WHEN BOSSES RESIGN TO GO

Some years ago, I resigned from a summer job in a bar. I did it by pouring a pint of London Pride over the landlord’s head. To be fair, he’d spat racist remarks in my face first and my reaction seemed less troublesome than calling an employment lawyer.  But whenever someone very high profile resigns, voluntarily or with the benefit of ‘encouragement,’ and with or without somewhere else to go, they’re usually trying to deliver a message.

The message might be something like: “I can no longer support the way things are done here,” or “I’ve outgrown this company.”  In other cases, the message is “mea culpa.” The mea culpas usually follow some ‘encouragement’ from others – the Board – for example, and a suggestion that they acquaint their shoe leather with the plank of public shame.

Bob Diamond talking to the Treasury Select Committee on Independence Day

It’s been a week for resignations.  When Marcus Agius, chairman of Barclays Bank, resigned on the morning of Monday, 2nd July after Liborgate became public, the message the bank wanted to get out was:  “A senior person has paid with his job, there’s nothing more to see here. Can we all move along now, please?”

Unfortunately, that message didn’t meet universal approval in the court of public opinion.   The next day, the bank tried a different message.  “Marcus Agius has un-resigned.  Bob Diamond has resigned. So too has Jerry del Missier (who? - ed).

The bank’s new message was “two senior people have now paid with their jobs.  Honestly, there really is nothing more to see here, so can we all please move along now?”  Bob Diamond’s high profile and televised appearance at the Treasury Select Committee yesterday afternoon begged to differ with the bank’s preference for an end to the story.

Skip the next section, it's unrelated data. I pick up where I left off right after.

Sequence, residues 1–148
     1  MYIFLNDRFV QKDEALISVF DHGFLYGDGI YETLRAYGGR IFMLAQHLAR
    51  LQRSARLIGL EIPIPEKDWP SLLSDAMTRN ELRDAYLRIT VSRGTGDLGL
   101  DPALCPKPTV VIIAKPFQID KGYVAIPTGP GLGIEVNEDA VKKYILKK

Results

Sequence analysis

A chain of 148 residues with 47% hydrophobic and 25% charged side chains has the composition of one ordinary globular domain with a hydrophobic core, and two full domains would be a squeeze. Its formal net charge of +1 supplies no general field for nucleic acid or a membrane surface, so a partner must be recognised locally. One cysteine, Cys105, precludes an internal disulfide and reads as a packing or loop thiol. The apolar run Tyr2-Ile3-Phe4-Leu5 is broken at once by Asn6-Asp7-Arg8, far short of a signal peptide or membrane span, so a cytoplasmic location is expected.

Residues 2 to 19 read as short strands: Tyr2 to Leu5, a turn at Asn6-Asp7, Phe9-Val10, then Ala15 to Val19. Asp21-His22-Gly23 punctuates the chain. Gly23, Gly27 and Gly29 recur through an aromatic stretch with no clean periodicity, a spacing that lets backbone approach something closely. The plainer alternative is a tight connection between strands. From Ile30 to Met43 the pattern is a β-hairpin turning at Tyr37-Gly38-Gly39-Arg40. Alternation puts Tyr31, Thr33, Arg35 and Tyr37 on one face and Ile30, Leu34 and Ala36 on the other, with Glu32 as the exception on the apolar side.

Then Rob van Persie, Arsenal striker, Dutchman and Barclay’s (yes, them again) Premier League player of the season for 2011/12, issued a sort of resignation threat on his personal website.

“The club and I don’t see eye to eye so I won’t be signing a new contract,” he sort of said.  His message was either: “come and get me,” to a new club, or possibly: “if you start to see things my way, than maybe we can talk again,” to his current employers.

Either way, resigning for the most senior executives is a serious business and not something that should be approached lightly.  The very least that will happen is the whispered debate about whether they jumped or were pushed.

Many executives use the threat of resignation as a tactic to get something that isn’t otherwise coming their way.  Sometimes the tactic works and they get what they want; other times, they get the opportunity to resign.

A good communications counsel who’s plugged into the various corridors of influence can advise the best route to take and how a resignation action is likely to play out.  They can also advise if staying put is realistic.

Had Bob Diamond taken the communications advice, for example, he may have resigned earlier that he did.  This would have saved Mr Agius the ignominy of resigning with a detailed mea culpa statement only to withdraw it 24 hours later, and creating a nightmare situation for Barclayl’s comms department to manage when the executives finally agreed on who was going.

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